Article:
Although they had never worked together before, Rudin—who won an Oscar for best picture for No Country for Old Men and is known for both his excellent taste and his ability to get difficult movies made—agreed to Sorkin’s writing the script. The book proposal had been written by Ben Mezrich, a Harvard graduate who had been successful with another brainy true-life tale—Bringing Down the House, a best-seller about the M.I.T. students who counted cards and beat Vegas at blackjack. That book became the film 21, and at the premiere in Las Vegas, Mezrich met Eduardo Saverin. Saverin wanted to tell his side of the story: how he had funded Facebook from its inception, how Zuckerberg had betrayed him, how their friendship had crumbled. In 2005 Saverin was cut out of Facebook by Zuckerberg and sued, eventually getting an undisclosed settlement. Saverin’s lawsuit was compounded by another lawsuit, brought by Cameron and Tyler Winklevoss, twin brothers who had approached Zuckerberg, pre-Facebook, about helping them with their idea, a similar-sounding website called Harvard Connection.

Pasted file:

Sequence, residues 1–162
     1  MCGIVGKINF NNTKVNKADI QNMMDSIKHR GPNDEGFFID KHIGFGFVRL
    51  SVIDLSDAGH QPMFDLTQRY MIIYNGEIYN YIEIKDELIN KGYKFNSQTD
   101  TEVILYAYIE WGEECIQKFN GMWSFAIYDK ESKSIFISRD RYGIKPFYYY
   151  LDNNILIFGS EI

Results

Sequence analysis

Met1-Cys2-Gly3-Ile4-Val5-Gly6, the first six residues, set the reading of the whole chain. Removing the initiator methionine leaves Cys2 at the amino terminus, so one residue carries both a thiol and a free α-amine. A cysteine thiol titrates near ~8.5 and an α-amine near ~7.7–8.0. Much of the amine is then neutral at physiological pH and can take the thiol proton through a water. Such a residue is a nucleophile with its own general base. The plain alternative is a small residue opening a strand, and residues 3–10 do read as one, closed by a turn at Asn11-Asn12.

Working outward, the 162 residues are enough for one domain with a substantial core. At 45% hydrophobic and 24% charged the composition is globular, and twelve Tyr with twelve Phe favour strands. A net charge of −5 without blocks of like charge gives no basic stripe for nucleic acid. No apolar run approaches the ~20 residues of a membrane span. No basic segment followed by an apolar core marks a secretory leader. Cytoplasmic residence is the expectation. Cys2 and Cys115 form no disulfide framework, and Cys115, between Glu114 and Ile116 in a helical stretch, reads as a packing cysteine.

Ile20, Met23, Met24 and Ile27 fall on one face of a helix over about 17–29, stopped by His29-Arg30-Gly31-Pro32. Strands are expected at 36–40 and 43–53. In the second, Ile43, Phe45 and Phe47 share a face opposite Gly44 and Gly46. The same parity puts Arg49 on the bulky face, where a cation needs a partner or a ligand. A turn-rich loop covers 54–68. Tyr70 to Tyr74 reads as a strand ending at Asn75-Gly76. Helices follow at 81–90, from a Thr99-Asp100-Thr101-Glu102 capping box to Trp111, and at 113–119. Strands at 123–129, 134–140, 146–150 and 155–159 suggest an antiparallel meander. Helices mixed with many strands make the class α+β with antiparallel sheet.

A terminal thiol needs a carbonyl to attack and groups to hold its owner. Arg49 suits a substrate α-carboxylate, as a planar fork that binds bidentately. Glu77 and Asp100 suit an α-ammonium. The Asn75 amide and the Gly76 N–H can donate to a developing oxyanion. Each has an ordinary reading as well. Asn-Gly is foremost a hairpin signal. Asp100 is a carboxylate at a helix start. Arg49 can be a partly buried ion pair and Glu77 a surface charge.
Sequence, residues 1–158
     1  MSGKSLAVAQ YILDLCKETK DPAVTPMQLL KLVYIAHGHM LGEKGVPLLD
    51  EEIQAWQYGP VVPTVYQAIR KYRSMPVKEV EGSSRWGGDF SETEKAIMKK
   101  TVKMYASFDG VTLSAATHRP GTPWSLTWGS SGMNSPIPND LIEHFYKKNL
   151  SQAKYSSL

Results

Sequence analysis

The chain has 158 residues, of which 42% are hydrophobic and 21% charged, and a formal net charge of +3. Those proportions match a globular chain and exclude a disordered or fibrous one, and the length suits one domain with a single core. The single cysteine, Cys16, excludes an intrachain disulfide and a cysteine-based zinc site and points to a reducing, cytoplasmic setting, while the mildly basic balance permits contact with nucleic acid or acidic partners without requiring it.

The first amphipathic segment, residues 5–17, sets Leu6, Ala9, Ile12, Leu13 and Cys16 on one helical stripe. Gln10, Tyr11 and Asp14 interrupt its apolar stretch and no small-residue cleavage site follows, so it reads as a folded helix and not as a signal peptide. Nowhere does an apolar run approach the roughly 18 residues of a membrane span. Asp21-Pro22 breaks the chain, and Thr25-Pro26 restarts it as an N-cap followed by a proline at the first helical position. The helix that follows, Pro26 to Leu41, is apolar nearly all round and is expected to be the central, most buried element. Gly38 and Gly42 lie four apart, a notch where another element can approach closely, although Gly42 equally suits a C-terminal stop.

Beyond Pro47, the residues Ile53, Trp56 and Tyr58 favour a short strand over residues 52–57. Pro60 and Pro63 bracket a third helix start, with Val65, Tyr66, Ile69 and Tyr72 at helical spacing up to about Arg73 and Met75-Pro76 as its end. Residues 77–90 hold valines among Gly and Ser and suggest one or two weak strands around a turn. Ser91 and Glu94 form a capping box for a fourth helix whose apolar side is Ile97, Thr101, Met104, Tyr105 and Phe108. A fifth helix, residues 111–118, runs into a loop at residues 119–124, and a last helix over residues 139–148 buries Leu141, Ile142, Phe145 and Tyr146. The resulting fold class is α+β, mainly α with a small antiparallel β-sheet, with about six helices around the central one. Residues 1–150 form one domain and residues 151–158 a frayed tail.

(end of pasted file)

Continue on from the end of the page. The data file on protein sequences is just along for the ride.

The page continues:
“I wasn’t aware of any of this when I started researching the project,” Sorkin said. Both authors met repeatedly with Saverin and the Winklevoss twins, but Zuckerberg did not cooperate with either the book or the movie. Mezrich’s book, The Accidental Billionaires, which Zuckerberg decried as fiction, was published in 2009 and is sympathetic to Saverin, but sticks to a fairly conventional biographical framework. Sorkin’s script, on the other hand, searches for the reasons and the larger meaning behind the actions of all these men. Instead of focusing solely on how, when, and where Facebook happened (as Mezrich does), Sorkin utilized the legal depositions of the principals—Saverin, the Winklevosses, and, especially, Zuckerberg—and each has their version of events. “There is no ‘truth,’” Rudin explained when I called to ask him about the origins of the project. “And that’s what’s interesting about this story: Truth is always subjective.”
Sorkin’s research unearthed the very first words on what became Facebook—an angry blog post that Zuckerberg allegedly wrote after being dumped by a girl. That blog morphed into a Zuckerberg-invented computer program called Facemash, in which photos of Harvard women were posted online, and compared and contrasted based on their looks. It was a classic misfit’s revenge: If he couldn’t get the girl, he would trash the girl. “I think there’s a subset of nerds who are not the cuddly kinds of nerds we made movies about in the Eighties,” Sorkin said. “These nerds don’t understand why attractive women are still dating the quarterback and not them, why women don’t get that they’re the ones running the universe right now. There’s an arrogance that has alchemized into real nastiness.”